Opportunity Zones Promise Great Rewards, but to reap the rewards, investors should beware of land use and zoning associated with opportunity zones.
Opportunity Zones are intended to spur private investment in low-income areas that have been designated by California as Opportunity Zones. See here for a map of opportunity Zones by GovOps. While much has been written on the tax benefits of Opportunity Zones, this article addresses some common land use hurdles that arise in California.
As the recent Forbes article noted, “[t]he [Opportunity Zone Fund] rules favor ground-up real estate development due to the requirement that invested capital gains must ‘substantially improve’ the property or business, which means the entire initial investment must be matched in improvements to the property. While this can be achieved in a myriad of ways, the most straightforward way to meet this requirement is to purchase land within an Opportunity Zone and build something on the raw land.” 
Moreover, good underwriting will be paramount. This may be especially true in California where developers face stringent land use controls and compliance with the California Environmental Quality Act (CEQA) when substantially improving these Opportunity Zone properties as required by the OZF rules.
When looking to invest in a California Opportunity Zone property, here are some common land use and zoning limitations to consider.
1. Does the City or County’s Zoning allow for the improvement or development intended for the Opportunity Zone?
The current zoning and general plan requirements of the property should be analyzed prior to acquisition. Any planned general plan or community plan updates by the City or County should be evaluated given the ten-year time span required to hold the opportunity fund zone investment to reach forgiveness for additional capital gains. A change to the general plan could impact what type of projects will be allowed on the property moving forward. If a Major Use Permit or other use permit is required for the intended use, CEQA will likely be implicated which can result in additional hurdles and delays if not approached properly.
2. Is the current use of the Property non-conforming with current zoning?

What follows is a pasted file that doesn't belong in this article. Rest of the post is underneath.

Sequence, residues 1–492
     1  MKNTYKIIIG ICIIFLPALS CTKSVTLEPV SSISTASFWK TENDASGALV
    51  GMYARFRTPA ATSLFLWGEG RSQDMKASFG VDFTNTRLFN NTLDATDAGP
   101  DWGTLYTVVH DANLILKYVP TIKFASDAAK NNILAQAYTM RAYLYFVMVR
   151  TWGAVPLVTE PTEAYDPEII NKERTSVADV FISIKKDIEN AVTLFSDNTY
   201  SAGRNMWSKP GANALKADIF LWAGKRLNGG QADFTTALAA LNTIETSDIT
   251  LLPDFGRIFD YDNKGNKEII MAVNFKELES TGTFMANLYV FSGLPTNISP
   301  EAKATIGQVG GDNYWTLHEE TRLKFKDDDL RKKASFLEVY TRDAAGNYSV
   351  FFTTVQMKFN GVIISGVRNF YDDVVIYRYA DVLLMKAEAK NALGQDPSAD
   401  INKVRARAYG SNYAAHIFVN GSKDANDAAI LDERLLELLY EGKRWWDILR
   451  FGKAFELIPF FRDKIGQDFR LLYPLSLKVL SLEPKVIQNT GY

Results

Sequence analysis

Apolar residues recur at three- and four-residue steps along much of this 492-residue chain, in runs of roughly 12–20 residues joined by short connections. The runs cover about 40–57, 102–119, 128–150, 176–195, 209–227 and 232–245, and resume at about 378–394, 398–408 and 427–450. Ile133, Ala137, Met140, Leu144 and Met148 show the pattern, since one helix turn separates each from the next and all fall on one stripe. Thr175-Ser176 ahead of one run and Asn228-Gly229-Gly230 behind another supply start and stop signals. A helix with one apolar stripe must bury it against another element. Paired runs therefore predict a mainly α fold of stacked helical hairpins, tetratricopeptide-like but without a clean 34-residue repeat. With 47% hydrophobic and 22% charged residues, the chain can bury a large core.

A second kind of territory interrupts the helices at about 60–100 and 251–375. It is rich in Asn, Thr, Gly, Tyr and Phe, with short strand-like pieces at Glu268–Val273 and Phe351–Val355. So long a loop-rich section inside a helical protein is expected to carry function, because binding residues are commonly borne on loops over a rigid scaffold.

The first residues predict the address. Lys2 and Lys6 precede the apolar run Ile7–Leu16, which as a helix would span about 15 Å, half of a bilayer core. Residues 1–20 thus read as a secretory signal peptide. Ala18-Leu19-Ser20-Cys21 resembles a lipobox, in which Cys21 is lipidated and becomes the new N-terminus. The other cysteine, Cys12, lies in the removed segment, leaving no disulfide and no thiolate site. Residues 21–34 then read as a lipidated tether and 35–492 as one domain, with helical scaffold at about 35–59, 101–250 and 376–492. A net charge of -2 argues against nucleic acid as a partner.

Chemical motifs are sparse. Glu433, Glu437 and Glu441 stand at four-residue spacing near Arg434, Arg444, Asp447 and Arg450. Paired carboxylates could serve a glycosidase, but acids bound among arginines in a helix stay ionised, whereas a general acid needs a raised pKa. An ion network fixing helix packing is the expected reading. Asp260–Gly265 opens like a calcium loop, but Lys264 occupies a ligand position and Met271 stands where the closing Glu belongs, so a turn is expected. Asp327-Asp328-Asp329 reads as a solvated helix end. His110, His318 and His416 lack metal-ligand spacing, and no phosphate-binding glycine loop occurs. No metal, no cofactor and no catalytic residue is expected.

If the current use on the property is no longer allowed under the City or County’s current zoning, their may be a vested right, also referred to as a grandfathered right to continue operating the use the property.
Caution should be used in acquiring these vested right properties with Opportunity Zone Funds since many jurisdictions have rules that will phase out the vested right over time or even terminate the right to operate immediately if the use is expanded, altered, or relocated. Since the Act required “Substantial Improvement” the vested right may be terminated when the property is substantially improved.
3. CEQA may be required when substantially improving Opportunity Zone Property.
There are many different ways in which review will be required pursuant to the California Environmental Quality Act (CEQA). Some to be on the look out when acquiring Opportunity Zone properties include:
When acquiring property from a city, county, school district, or public utility, the mere purchase or lease of property may trigger CEQA. One possible solution is to enter into an option agreement to protect your interests while conducting environmental review pursuant to CEQA and/or ensuring the project is exempt from CEQA. See my prior post for more on this topic.
The Opportunity Zone Requires that the property be “substantially improved.” There are several different ways that CEQA could be triggered here. For example, if a use permit is required, CEQA will generally be triggered. Moreover, if the development requires any discretionary action by the City, for example a parking variance, CEQA will also be triggered. However, even though the Opportunity Zone Fund requires that the property be substantially improved, the project may still fit within one of CEQA’s categorical exemptions like Existing Facilities (CEQA Guidelines § 15301), Replacement or Reconstruction (§ 15302) or even New Construction (§ 15302).
If an Environmental Impact Report may be required, consider negotiating the terms of the deal to allow for the environmental review prior to close of escrow. Also, the more you can shape the project early on to avoid CEQA impacts, the less likely that an EIR will be required.
 Drew Dolan, March 1, 2019, Forbes, Forbes Real Estate Council. See also Internal Revenue Code § 1400Z-2(d)(2)(D)(ii), Rev. Rul. 2018-29.
 Attard v. Board of Supervisors of Contra Costa County (2017) 14 Cal.App.5th 1066, 1076. The right vests only after and to the extent that the use is lawfully established under the prior law, and then may continue after the zoning law changes. See, e.g., Id. at 1076; City of Ukiah v County of Mendocino (1987) 196 CA3d 47, 56.
Bridges v. Mt. San Jacinto Community College Dist., 14 Cal. App. 5th 104 (2017)